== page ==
Operators anticipate a certain amount of damage and figure the resulting repair and insurance expenses into the cost of doing business. Unless the students or pilots responsible are guilty of obvious misbehavior, flight schools usually exact no punishment beyond emphatic instruction in how to avoid making that same mistake again. Of course, that assumes they can figure out who the culprit was. The accident record contains recurrent examples of damaged airplanes being put back on the flight line without a word to anyone.
In many cases, it appears that no one recognized the problem at the time. Typical was a Cessna 172 at AOPA’s home field of Frederick, Maryland. A Phase III inspection found that a hard landing had damaged the firewall at some point since the Phase II inspection was signed off some 48 flight hours earlier. No one ever reported a hard landing to the operator. The odds are good that the airplane had been flown repeatedly after the original impact, which probably did nothing to limit the damage.
More perplexing are the pilots who don’t notice when the airplane hits something solid. The student pilot who used the left wing of a Diamond DA-20 to demolish a runway distance remaining sign said he never felt the impact. He flew four more circuits of the pattern and apparently was as surprised as anyone to find a three-foot hole in the leading edge after he parked. At least he could blame inexperience. A private pilot hit a REIL control box with his 172 while fussing with a handheld GPS, then taxied back and took off cross-country with a crushed exhaust system, mangled prop tips, a bent firewall, and damage to the left horizontal stabilizer. He might have been expected to notice that something unusual had taken place—and since he was going to be in the airplane, he had some incentive to stop and find out what.
That last example makes it only a little easier to believe that other accidents weren’t deliberately concealed. After a company checkout, an instructor took a student on a cross-country flight in a Piper Arrow. After landing, they found wrinkled skins and popped rivets in both wings directly above the main gear. The instructor swore that nothing had happened while he’d been in the airplane that could have caused that kind of damage.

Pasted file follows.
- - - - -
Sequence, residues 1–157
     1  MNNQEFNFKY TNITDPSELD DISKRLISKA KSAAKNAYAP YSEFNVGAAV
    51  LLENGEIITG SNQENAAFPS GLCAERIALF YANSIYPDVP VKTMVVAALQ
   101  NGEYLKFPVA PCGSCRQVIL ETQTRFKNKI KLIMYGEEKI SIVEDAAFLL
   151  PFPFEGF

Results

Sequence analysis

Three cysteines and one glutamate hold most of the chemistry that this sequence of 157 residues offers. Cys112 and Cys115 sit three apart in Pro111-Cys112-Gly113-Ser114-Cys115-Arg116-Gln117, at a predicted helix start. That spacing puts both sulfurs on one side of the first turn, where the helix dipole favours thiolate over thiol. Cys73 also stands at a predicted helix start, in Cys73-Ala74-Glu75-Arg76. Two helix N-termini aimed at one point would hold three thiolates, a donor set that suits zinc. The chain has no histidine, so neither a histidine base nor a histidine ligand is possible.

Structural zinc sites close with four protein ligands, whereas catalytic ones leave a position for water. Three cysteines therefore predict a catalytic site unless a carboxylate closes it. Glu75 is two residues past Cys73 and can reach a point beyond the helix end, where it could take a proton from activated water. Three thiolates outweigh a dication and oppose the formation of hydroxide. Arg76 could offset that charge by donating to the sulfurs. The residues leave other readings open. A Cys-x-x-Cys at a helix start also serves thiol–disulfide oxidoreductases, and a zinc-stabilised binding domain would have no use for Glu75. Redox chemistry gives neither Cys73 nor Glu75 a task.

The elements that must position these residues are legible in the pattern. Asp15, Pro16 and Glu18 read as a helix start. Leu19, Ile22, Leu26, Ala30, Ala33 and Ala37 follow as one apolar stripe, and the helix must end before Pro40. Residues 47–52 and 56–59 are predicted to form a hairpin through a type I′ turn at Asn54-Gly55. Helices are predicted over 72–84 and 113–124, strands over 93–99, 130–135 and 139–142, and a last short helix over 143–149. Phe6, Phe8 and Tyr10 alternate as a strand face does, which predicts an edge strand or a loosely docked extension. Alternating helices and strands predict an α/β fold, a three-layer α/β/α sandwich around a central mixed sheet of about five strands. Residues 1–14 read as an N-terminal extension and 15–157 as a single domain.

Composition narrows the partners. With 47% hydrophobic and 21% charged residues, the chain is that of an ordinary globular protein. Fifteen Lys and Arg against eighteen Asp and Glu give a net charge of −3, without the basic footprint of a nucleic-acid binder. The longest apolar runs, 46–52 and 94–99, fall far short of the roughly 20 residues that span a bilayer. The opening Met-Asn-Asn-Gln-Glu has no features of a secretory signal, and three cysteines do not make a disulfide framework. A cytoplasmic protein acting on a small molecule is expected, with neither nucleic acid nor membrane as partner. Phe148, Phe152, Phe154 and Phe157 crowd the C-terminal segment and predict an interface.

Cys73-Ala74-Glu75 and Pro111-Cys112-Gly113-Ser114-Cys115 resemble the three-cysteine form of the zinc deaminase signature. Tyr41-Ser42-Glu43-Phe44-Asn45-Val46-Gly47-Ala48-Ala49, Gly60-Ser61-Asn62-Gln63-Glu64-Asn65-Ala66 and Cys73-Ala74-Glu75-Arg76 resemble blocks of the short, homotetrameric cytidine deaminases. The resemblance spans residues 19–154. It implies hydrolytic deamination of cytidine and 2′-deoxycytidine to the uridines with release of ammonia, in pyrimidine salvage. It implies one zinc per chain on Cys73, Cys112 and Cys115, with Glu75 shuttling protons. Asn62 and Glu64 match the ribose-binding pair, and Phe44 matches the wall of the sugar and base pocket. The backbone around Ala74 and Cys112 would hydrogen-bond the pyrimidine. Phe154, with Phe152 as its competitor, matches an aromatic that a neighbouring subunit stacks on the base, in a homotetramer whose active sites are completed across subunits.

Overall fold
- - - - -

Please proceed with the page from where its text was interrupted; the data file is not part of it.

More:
If that suggests a somewhat casual approach to the preflight inspection—the instructor said that he certainly would have noticed the damage if he’d done the preflight himself rather trusting first the check pilot and then his student—it’s not the only case. A student went around after a hard landing in a Cessna 172, then landed without further incident. The next pilot who took the airplane out returned it early out of concern for a “different sound in the engine noise.” Only then did anyone notice the bent propeller tip (the firewall also turned out to be bent). Preflight? What preflight?
On the other hand, the renter of another Cessna pointed out wrinkled wing skins and was told by a company mechanic that the aircraft was safe. At that time, it had flown 99 hours since its last 100-hour inspection. When the next inspection began four days later, mechanics discovered three buckled ribs and damage to the spar. The pilot who banged it up was never identified.
The postflight inspection may be the most neglected aspect of general aviation, but it’s to every operator’s advantage to learn of any damage as soon as possible—not just to correct it before it gets worse, but also to minimize the risk to future pilots and passengers. Requiring that instructors insist on a real postflight after every lesson is apt to save trouble in the long run, as is making sure students and renters understand that the consequences of flying a compromised airplane can be much worse than those of admitting that they’ve screwed up.